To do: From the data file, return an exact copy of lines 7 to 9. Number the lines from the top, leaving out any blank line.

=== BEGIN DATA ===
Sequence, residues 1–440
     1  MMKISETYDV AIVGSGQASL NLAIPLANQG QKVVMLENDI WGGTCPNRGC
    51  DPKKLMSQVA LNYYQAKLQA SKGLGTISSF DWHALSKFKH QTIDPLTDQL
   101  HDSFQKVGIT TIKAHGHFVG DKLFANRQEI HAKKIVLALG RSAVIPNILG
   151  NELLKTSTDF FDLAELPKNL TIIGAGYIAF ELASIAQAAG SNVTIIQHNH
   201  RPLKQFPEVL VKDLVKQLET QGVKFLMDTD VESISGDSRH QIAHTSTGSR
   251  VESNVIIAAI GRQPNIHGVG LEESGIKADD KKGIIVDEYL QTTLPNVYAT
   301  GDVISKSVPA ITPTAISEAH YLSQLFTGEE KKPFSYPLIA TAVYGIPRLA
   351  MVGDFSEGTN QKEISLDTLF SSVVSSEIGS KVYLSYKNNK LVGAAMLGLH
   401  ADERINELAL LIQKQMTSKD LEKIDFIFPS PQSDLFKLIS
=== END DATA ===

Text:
   251  VESNVIIAAI GRQPNIHGVG LEESGIKADD KKGIIVDEYL QTTLPNVYAT
   301  GDVISKSVPA ITPTAISEAH YLSQLFTGEE KKPFSYPLIA TAVYGIPRLA
   351  MVGDFSEGTN QKEISLDTLF SSVVSSEIGS KVYLSYKNNK LVGAAMLGLH